BibTex


@misc{BUT142932,
  author="Aneta {Chytilová} and Petr {Sedláček} and Vojtěch {Enev} and Stanislav {Obruča}",
  title="Assessing PHA purity by unusual methods",
  annote="One of the biggest environmental issues of our time is without doubt the ever- increasing amount of waste. In dumps are accumulated synthetic polymers, which naturally degrade for several decades and the only possible solution to reduce the problems with these materials is recycling. One of the possible solutions, that could help is to find new biodegradable materials that are naturally decomposed in relatively short time and has similar properties to synthetic plastics. Polyhydroxyalkanoates (PHA) appear to be quite promising candidates. These materials are accumulated by numerous prokaryotes in form of intracellular granules. Unfortunately, work with live microorganisms that form natural biopolymers, carries its own pitfalls. Biotechnological production of PHA is at this time more expensive than production of synthetic plastics. However, price can be reduced in various ways, e.g. utilization of inexpensive substrates, more efficient fermentation, isolation and purification processes.
Conventional isolation procedures provides high purity of PHA by using organic solvents such as chloroform, but work with these compounds brings many problems (ecological, economical…). On the contrary, alternative approaches rely on more or less selective degradation of residual bacterial biomass (other than PHA) by various chemical such as sodium hypochlorite or NaOH.  Regardless of the selected isolation approach, estimation of purity of isolated polymers and identification of major impurities is of crucial importance. Therefore, we evaluated several non-commonly used techniques which can be used for assessment of PHA purity such as elemental analysis, vibrational spectroscopy (ATR- FTIR, Raman) or thermal analysis (TGA) and compared them with current method of choice – gas chromatography (GC-FID). According to our results, these alternative methods provide valuable information not only about purity of the materials, but also enable identification of potential impurities and, hence, help to minor and evaluate PHA isolation process.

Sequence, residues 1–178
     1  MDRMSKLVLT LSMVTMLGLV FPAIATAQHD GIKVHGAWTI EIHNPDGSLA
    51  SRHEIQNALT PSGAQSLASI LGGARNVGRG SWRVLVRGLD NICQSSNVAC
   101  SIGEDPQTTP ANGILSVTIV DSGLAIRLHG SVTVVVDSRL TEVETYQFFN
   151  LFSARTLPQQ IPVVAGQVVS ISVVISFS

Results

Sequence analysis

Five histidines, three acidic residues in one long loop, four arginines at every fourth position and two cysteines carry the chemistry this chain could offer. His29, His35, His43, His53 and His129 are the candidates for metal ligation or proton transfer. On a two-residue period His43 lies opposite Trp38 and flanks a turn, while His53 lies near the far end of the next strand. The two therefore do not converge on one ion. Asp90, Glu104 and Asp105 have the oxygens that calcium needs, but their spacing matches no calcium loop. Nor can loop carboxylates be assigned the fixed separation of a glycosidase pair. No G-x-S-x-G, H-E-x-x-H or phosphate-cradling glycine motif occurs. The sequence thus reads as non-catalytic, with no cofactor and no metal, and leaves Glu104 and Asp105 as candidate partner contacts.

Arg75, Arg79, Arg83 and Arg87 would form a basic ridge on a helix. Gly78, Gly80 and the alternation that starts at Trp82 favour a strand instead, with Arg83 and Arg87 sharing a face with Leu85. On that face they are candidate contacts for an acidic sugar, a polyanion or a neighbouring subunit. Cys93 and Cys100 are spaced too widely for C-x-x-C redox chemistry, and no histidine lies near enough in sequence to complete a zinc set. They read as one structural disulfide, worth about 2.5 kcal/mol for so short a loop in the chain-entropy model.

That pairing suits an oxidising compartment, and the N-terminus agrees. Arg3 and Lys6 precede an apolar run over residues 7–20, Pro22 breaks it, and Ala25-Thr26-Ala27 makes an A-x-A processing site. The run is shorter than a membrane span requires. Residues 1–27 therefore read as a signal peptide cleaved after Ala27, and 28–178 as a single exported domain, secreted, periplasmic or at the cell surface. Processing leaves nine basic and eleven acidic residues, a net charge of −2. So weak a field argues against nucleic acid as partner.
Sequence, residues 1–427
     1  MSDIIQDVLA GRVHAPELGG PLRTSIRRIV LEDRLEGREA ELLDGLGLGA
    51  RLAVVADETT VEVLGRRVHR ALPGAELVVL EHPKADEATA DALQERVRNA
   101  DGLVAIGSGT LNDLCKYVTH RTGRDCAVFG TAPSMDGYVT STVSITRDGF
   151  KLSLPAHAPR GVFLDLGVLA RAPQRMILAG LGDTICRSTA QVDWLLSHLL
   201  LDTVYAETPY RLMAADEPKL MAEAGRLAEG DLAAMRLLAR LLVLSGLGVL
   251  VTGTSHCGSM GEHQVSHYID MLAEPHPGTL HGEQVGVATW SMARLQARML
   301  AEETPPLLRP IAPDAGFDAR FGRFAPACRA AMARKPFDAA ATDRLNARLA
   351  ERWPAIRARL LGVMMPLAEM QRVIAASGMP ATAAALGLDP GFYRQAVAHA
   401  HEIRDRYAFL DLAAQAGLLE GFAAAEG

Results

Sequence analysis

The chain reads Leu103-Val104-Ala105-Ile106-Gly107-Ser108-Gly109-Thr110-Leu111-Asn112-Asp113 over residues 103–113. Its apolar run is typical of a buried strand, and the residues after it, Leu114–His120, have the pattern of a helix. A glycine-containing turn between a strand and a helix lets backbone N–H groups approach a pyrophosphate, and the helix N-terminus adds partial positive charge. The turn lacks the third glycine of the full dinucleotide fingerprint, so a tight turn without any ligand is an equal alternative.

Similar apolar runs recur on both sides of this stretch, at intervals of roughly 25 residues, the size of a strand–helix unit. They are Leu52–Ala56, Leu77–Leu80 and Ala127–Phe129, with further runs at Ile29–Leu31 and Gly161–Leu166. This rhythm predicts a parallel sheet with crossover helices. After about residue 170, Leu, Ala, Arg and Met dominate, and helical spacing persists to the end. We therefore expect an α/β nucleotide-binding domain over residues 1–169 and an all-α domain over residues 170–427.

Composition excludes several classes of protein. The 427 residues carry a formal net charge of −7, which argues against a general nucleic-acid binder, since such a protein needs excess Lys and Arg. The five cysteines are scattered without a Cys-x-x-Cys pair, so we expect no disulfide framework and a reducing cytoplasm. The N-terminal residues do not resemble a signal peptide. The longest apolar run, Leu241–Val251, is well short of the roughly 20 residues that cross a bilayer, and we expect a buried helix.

",
  booktitle="5th International Conference on Chemical Technology",
  chapter="142932",
  howpublished="print",
  year="2017",
  month="april",
  type="abstract"
}